I recently received a phone call from my cousin who had been in a car accident while driving a rental car. He was concerned because, although the accident was the other driver’s fault, the rental car company was requiring him to pay for the repairs. One of the first questions he asked me was whether he had to pay for the damage. My answer to him was “it depends on the contract you signed.” As it turned out, the rental contract contained a provision requiring the renter to ultimately be responsible for any damage to the car while it was in his possession. So although the other driver (and his insurance company) would be required to pay for the damage, my cousin was responsible for ensuring the damage was repaired regardless of whether the other driver ended up paying or not.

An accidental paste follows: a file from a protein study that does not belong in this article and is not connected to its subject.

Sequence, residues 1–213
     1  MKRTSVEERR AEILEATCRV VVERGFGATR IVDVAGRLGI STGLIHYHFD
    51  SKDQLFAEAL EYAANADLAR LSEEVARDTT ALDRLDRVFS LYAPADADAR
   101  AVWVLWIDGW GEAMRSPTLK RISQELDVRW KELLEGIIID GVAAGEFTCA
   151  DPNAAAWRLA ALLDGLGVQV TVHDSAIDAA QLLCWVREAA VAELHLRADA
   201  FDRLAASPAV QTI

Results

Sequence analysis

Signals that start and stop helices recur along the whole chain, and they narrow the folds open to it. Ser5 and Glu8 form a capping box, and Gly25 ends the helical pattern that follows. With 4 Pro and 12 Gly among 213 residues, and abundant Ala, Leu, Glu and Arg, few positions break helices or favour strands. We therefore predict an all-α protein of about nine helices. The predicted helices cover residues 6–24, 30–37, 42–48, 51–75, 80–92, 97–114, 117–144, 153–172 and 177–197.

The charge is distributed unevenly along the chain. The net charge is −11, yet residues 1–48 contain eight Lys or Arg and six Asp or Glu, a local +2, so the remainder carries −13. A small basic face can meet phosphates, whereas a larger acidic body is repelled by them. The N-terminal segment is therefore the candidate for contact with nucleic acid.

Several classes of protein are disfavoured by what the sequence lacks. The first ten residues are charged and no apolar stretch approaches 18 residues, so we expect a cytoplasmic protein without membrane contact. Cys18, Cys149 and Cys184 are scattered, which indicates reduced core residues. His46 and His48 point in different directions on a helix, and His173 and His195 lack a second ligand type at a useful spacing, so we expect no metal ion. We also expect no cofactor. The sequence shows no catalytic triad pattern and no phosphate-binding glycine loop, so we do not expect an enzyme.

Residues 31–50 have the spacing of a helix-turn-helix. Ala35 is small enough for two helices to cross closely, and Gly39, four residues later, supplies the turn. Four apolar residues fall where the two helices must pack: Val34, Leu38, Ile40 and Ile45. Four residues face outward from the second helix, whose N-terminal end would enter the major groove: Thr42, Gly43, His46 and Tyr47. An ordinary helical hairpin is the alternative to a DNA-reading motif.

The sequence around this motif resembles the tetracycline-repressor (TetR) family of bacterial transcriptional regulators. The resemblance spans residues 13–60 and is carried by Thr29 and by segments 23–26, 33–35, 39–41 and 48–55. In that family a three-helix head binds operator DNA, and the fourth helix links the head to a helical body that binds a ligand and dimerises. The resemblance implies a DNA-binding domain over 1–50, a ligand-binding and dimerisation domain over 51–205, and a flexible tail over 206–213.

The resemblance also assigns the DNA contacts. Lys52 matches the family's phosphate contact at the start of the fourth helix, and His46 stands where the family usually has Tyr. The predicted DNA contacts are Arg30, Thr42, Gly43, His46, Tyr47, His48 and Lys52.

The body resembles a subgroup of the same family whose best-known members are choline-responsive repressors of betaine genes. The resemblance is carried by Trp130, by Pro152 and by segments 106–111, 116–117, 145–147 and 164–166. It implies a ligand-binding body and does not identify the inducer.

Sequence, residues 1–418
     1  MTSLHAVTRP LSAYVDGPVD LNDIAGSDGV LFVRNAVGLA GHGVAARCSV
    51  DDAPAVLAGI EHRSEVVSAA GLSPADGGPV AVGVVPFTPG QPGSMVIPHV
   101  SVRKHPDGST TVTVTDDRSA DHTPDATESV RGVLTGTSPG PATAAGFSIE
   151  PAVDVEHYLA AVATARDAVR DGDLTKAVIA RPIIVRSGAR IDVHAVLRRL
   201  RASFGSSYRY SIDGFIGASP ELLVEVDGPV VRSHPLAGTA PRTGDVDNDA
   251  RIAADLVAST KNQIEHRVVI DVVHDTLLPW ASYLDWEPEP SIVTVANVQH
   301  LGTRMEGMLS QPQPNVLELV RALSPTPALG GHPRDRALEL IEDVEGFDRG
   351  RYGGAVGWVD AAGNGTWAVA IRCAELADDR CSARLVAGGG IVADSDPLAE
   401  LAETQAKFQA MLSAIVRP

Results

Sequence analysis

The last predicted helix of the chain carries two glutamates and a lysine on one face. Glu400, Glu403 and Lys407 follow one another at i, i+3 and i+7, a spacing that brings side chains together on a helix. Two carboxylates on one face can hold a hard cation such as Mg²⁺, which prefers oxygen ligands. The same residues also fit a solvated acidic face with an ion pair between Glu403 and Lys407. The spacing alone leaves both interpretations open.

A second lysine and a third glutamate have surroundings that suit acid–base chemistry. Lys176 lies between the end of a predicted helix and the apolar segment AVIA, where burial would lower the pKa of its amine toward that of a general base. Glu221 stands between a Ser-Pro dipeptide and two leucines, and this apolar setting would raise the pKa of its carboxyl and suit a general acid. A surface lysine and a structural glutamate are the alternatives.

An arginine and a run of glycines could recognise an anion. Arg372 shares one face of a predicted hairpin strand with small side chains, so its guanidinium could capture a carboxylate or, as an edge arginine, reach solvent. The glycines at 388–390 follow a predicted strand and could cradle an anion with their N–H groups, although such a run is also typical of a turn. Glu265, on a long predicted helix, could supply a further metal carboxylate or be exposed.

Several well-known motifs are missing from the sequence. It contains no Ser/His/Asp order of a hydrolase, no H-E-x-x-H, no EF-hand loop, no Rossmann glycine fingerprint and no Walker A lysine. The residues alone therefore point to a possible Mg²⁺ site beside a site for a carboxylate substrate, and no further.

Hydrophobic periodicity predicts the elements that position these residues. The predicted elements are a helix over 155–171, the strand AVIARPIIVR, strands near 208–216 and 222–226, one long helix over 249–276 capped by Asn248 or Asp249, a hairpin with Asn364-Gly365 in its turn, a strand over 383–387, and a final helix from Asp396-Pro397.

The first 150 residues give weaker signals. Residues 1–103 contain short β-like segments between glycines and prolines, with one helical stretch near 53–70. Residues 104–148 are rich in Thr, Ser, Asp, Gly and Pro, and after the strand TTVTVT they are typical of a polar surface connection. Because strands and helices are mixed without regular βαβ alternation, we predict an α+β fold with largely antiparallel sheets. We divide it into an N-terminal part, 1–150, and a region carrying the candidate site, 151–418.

With few exceptions, the laws in the United States are set up to support the rights of individuals to conduct business with one another and to negotiate the terms freely. These terms are typically spelled out in a written contract that is signed. Contracts are an objective way of articulating the understanding, expectations, and commitments of all parties involved in a transaction. For that reason, when a dispute between two parties goes to litigation, the court will generally focus on what is contained within the four corners of the contract. In other words, the terms of the contract determine the rules by which the parties are supposed to play, even if one of the parties chose to sign the agreement without reading it in its entirety. And if you think about it, that only makes sense. If it were any other way, how could anyone depend on a written contract?
For these reasons, always, always, always read the fine print completely before you sign any contract, even if you think you know what it says. This is one lesson you don’t want to learn the hard way.
Wade Hardie, JD, MBA
MINES Corporate Counsel